United States District Court, N.D. Indiana, Hammond Division
OPINION AND ORDER
matter is before the Court on the Motion Under 28 U.S.C.
§ 2255 to Vacate, Set Aside, or Correct Sentence by a
Person in Federal Custody, filed by Brian Washington on July
1, 2016 (DE #50). For the reasons set forth below, the motion
1, 2013, Washington was charged in a six count indictment
with both possessing and distributing cocaine base in
violation of 21 U.S.C. §§ 841(a)(1) and (b)(1)(B),
two counts of possessing firearms in furtherance of a drug
trafficking crime in violation of 18 U.S.C. § 924(c),
and two counts of dealing in firearms without a license in
violation of 18 U.S.C. §§ 922(a)(1)(A) and
924(a)(1)(D). He pled guilty to Count One (distribution of
cocaine base) and Count Two (possessing a firearm in
furtherance of a drug trafficking crime) and was sentenced to
63 months of incarceration on Count One and 60 months of
incarceration on Count Two.
did not file a direct appeal, but on February 9, 2015, he
filed a motion requesting a reduction in his sentence
pursuant to 18 U.S.C. § 3582(c)(2) as a result of
Amendment 782 to the United States Sentencing Guidelines. On
July 13, 2015, this Court reduced Washington's sentence
on Count One to 60 months. His sentence on Count Two was
unaffected by Amendment 782.
one year later, Washington filed the instant motion seeking a
further reduction in his sentence under Johnson v. United
States, ___ U.S. ___, 135 S.Ct. 2551 (June 26, 2015).
The Government filed its response brief on July 26, 2016.
Washington did not file a reply brief. Accordingly, the
motion is ripe for adjudication.
corpus relief under 28 U.S.C. section 2255 is reserved for
“extraordinary situations.” Prewitt v. United
States, 83 F.3d 812, 816 (7th Cir. 1996). In order to
proceed on a habeas corpus petition pursuant to 28 U.S.C.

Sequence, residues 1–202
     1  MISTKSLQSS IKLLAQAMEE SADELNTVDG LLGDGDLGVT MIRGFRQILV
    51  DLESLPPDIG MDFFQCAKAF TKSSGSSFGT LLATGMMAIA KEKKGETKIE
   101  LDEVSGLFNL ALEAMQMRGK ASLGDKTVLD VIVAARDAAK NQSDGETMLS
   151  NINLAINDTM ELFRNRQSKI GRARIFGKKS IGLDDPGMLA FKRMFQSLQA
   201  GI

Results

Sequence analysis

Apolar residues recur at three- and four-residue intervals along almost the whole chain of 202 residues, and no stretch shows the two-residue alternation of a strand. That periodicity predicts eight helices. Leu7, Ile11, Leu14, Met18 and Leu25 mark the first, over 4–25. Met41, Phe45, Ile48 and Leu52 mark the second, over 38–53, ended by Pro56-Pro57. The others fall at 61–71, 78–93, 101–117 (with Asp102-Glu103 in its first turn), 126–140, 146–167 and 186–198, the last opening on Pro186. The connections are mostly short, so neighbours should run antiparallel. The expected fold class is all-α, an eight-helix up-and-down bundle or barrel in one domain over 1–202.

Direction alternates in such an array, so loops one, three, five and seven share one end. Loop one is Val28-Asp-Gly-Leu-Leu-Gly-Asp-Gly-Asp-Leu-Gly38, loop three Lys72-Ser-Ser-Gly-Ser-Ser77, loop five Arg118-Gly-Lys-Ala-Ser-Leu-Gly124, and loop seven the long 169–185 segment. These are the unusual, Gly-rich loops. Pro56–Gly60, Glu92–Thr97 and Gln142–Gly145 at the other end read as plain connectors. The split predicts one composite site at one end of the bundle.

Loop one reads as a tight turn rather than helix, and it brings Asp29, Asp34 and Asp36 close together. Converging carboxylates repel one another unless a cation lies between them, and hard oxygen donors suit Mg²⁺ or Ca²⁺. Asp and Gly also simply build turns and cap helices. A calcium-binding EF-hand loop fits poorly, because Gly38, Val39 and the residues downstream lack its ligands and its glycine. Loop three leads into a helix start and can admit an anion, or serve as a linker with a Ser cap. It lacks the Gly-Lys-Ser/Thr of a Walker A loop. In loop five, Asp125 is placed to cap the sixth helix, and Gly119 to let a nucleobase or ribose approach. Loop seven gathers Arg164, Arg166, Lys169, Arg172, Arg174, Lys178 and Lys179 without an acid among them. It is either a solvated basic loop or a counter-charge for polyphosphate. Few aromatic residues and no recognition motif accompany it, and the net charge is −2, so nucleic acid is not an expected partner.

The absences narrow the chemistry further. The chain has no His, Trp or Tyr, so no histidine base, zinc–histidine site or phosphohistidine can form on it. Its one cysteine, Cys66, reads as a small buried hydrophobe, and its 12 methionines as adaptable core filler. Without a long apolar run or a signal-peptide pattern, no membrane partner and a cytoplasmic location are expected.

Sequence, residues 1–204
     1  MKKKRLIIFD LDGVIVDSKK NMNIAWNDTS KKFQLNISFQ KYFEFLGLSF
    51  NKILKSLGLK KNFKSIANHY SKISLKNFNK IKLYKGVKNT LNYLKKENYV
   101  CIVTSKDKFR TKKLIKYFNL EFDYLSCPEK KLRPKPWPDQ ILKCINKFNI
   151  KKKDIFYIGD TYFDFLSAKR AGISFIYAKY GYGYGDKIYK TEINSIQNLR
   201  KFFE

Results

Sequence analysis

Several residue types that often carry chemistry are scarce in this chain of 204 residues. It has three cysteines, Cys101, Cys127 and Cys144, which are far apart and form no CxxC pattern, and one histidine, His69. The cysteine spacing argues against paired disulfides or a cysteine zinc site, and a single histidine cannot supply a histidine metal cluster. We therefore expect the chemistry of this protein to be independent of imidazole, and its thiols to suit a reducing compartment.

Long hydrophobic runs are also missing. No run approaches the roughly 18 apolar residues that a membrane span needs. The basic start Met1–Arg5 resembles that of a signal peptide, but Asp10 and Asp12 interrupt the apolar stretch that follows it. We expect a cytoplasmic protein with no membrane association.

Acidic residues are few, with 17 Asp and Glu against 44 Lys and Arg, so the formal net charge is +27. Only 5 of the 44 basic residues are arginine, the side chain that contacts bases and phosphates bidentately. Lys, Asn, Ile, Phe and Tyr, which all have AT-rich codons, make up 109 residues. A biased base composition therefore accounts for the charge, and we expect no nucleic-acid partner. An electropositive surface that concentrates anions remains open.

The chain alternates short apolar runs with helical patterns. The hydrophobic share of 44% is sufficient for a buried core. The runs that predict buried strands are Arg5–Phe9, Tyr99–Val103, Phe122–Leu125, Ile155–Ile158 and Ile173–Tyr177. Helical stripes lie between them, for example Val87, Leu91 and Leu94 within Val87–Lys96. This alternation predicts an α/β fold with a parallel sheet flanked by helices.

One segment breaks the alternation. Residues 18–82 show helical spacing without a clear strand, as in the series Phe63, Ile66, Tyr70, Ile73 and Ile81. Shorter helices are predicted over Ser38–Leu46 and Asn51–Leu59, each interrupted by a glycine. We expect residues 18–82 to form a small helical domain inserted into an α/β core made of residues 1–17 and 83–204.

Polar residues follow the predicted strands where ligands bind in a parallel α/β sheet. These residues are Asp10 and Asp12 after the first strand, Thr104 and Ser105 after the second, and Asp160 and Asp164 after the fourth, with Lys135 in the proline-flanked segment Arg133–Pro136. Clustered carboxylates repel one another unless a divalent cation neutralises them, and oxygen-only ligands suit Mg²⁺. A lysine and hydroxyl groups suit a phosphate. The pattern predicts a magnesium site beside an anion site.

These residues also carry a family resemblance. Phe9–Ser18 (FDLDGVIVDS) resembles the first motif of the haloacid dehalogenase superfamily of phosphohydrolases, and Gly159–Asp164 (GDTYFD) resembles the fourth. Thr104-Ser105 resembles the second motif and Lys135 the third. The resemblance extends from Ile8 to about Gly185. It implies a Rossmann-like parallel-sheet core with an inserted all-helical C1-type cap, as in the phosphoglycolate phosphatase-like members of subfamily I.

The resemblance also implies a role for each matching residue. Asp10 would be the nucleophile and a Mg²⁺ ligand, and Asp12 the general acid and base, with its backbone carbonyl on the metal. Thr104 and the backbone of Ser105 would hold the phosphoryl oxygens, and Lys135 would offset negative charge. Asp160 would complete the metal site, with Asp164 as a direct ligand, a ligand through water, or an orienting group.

section 2255, a federal prisoner must show that the district
court sentenced him in violation of the Constitution or laws
of the United States, or that the sentence was in excess of
the maximum authorized by law, or is otherwise subject to
collateral attack. Id.
section 2255 motion is neither a substitute for nor
recapitulation of a direct appeal. Id.; Belford
v. United States, 975 F.2d 310, 313 (7th Cir. 1992),
overruled on other grounds by Castellanos v.
United States, 26 F.3d 717 (7th Cir. 1994). As a result:
[T]here are three types of issues that a section 2255 motion
cannot raise: (1) issues that were raised on direct appeal,
absent a showing of changed circumstances; (2)
nonconstitutional issues that could have been but were not
raised on direct appeal; and (3) constitutional issues that
were not raised on direct appeal, unless the section 2255
petitioner demonstrates cause for the procedural default as
well as actual prejudice from the failure to appeal.
Belford, 975 F.2d at 313. Additionally, aside from
demonstrating “cause” and “prejudice”
from the failure to raise constitutional errors on direct
appeal, a section 2255 petitioner may alternatively pursue
such errors after demonstrating that the district court's
refusal to consider the claims would lead to a fundamental
miscarriage of justice. McCleese v. United States,
75 F.3d 1174, 1177 (7th Cir. 1996).
assessing Petitioner's motion, the Court is mindful of
the well-settled principle that, when interpreting a pro se
petitioner's complaint or section 2255 motion, district
courts have a “special responsibility” to
construe such pleadings liberally. Donald v. Cook Cnty.
Sheriff's Dep't, 95 F.3d 548, 555 (7th Cir.
1996); Estelle v. Gamble, 429 U.S. 97, 106 (1976) (a
“pro se complaint, ‘however inartfully
pleaded' must be held to ‘less stringent standards
than formal pleadings drafted by lawyers'”)
(quoting Haines v. Kerner, 404 U.S. 519 (1972));
Brown v. Roe, 279 F.3d 742, 746 (9th Cir. 2002)
(“pro se habeas petitioners are to be afforded
‘the benefit of any doubt'”) (quoting
Bretz v. Kelman, 773 F.2d 1026, 1027 n.1 (9th Cir.
1985)). In other words:
The mandated liberal construction afforded to pro se
pleadings “means that if the court can reasonably read
the pleadings to state a valid claim on which the
[petitioner] could prevail, it should do so despite the
[petitioner's] failure to cite proper legal authority,
his confusion of various legal theories, his poor syntax and
sentence construction, or his unfamiliarity with pleading
Barnett v. Hargett, 174 F.3d 1128, 1133 (10th Cir.
1999) (habeas petition from state court conviction)
(alterations in original) (quoting Hall v. Bellmon,
935 F.2d 1106, 1110 (10th Cir. 1991)). On the other hand,
“a district court should not ‘assume the role of
advocate for the pro se litigant' and may ‘not
rewrite a petition to include claims that were never